Second, both Arrhenius and Callendar thought global warming would be a good thing for the planet. Arrhenius — clearly speaking from experience as a Swede — envisioned that global warming would make the north a much more pleasant place to live. Callendar believed man-made climate change would “indefinitely” delay the return of “deadly glaciers”, in addition to boosting agricultural productivity at high latitudes. “[I]t may be said that the combustion of fossil fuel, whether it be peat from the surface or oil from 3,048m below, is likely to prove beneficial to mankind in several ways, besides the provision of heat and power,” Callendar wrote.

Hey, nobody’s right about everything.

Roger Revelle and David Keeling

During the first half of the 19th century, barely anyone had heard of anthropogenic climate change. Most who had considered the notion preposterous. But following the advent of nuclear energy in 1945, thinking about man’s relationship with nature began to change. Suddenly, people had the technological power to destroy civilisation, if not wipe out all life on planet Earth. So why shouldn’t we control the weather, too? At the same time, advances in digital computing and radiative physics offered scientist the tools they needed to dust off Callendar’s papers and take a modern look at the issues he raised.

Roger Revelle. Image: San Diego History Center

Among those scientists: American oceanographer Roger Revelle, who served as director for the Scripps Institute of Oceanography (SIO) from 1950 to 1964. One argument that Earth scientists were kicking around in the 1950s was that the oceans effectively soaked up any and all carbon humans put in the air. The timescales for this process, however, were unknown.

Revelle did the maths, and in 1957, he co-authored a paper showing that Earth’s oceans weren’t absorbing CO2 very quickly at all. This led Revelle to conclude that the accumulation of atmospheric CO2 “may become significant during future decades if industrial fuel combustion continues to rise exponentially”. Revelle was well-aware of the — albeit limited — global warming research of his time, and he soon realised that Earth’s climate could be in for a dramatic change in the not-too-distant-future.

Given Revelle’s position as a respected scientist, his claims attracted the notice of reporters and politicians. Revelle did not shy away from the attention. Rather, he was among the first scientists to issue public warnings that humans were “conducting a great experiment” with the atmosphere and Earth’s climate. He went on the record making predictions that carbon emissions could turn parts of the southwest into “real deserts”, and that Arctic melting could cause the Soviet Union to become a maritime power by the 21st century.

While Revelle could not have predicted the dramatically altered global geopolitical landscape by the end of the century, his comments have a disturbing air of prescience in light of the California’s ongoing 500 year drought, and the recent scramble to prospect newly opened Arctic waters for oil, which some have dubbed “a new Cold War“.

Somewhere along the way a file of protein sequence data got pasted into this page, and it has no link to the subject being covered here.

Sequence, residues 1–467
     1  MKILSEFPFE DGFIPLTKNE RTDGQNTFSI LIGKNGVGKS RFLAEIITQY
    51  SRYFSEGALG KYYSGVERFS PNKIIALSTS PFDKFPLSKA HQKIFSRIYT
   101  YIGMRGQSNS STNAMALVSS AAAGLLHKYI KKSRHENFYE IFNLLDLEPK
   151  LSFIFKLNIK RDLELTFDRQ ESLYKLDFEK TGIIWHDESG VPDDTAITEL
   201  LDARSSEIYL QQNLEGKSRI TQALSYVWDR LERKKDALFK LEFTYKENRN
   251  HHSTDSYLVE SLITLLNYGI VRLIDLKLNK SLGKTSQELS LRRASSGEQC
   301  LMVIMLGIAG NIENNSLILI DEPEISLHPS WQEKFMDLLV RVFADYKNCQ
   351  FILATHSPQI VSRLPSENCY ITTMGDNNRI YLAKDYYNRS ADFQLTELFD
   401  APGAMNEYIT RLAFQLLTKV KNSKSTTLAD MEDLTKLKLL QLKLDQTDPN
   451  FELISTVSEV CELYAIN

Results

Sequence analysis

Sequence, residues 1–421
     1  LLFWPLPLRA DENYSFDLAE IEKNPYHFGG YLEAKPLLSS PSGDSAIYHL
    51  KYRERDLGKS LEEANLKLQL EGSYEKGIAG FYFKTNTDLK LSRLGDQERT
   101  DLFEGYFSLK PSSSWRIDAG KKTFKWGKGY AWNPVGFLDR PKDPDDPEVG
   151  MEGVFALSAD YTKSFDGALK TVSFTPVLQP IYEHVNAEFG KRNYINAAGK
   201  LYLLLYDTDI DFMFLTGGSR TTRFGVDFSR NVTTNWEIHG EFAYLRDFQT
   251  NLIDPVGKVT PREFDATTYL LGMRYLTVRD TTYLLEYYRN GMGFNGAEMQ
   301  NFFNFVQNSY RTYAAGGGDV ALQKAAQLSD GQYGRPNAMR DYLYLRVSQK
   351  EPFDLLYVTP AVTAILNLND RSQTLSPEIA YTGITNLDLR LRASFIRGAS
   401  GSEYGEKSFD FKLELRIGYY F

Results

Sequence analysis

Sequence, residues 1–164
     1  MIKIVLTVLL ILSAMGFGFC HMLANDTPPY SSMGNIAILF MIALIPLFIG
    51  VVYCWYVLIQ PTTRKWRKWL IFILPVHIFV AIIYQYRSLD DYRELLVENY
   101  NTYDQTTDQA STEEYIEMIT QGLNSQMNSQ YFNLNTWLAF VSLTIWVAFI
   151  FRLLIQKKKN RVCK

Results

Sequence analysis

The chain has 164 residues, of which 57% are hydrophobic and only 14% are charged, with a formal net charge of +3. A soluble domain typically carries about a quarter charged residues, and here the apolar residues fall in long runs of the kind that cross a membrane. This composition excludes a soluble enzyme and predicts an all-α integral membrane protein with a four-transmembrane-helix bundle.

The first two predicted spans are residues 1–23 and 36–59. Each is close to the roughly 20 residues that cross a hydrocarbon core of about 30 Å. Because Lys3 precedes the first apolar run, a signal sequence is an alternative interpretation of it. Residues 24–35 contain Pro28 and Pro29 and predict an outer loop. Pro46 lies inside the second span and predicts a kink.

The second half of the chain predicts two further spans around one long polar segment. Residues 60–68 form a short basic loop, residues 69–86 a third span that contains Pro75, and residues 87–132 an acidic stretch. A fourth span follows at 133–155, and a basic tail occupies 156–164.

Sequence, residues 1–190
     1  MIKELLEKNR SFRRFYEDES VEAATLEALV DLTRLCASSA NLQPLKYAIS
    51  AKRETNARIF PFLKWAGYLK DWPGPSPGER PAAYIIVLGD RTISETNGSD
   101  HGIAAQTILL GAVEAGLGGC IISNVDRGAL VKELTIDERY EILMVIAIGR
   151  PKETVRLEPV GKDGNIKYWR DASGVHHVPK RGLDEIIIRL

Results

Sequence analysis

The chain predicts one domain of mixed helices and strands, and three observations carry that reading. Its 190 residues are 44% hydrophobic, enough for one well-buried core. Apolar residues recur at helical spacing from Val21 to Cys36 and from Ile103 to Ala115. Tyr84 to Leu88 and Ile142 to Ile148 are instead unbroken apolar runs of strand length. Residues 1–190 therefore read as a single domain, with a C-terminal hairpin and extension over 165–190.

The Keeling Curve, developed by Charles Keeling in 1960. Image Credit: Scripps

Still, many of Revelle’s predictions were little more than speculation. To drill deeper into the science of global warming, Revelle recruited geochemist Charles David Keeling to Scripps to head up a new Atmospheric Carbon Dioxide program. Keeling began taking atmospheric CO2 measurements at Mauna Loa, Hawaii, and in Antarctica. After a few years of laborious data collection, Keeling announced that he had detected a rise in the atmospheric CO2 concentration, yielding the earliest version of his famous “Keeling curve”. Year after year, that curve would be extended, the trend becoming impossible to ignore. To this day, the Keeling curve remains a powerful symbol of the impact of human society and technology on the Earth.

Charles David Keeling receiving a medal of science from President Bush in 2001. Image: Wikimedia

Fifty years ago last month, Revelle, Keeling, and three other prominent climate scientists authored a report for President Lyndon Johnson, warning him that fossil carbon emissions were having a significant impact on Earth’s climate. In addition to laying out the mechanisms of climate change with remarkable accuracy, the report calls carbon dioxide an “invisible pollutant” — a classification that wasn’t officially recognised until this year.

It also made a number of predictions about the consequences of climate change, including sea level rise, Antarctic melting, and an increase in the acidity of fresh water. Sound familiar? Finally, the scientists used UN data on fossil fuel growth to estimate the concentration of carbon dioxide in the atmosphere by the year 2000 — 350 parts per million. The actual figure? 370.


Many view the development of the Keeling curve as the turning point at which global warming stepped out of the shadowy fringes to take its place as an important topic of scientific discourse. But it would take another thirty years, hundreds more scientific papers, and some nasty cover-ups for the idea to seep into general public’s consciousness. And public acceptance of climate change is far from universal today.

Arrhenius, Callendar, Revelle and Keeling were all ahead of their time, using simple tools and limited data to see the future with remarkable clarity. As nations around the world finally start heeding the council of scientists, it’s worth taking a moment to appreciate just how far back this paper trail goes.

Top: The Mauna Loa observatory, Hawaii, 1965. Image Credti: NCAR/HAO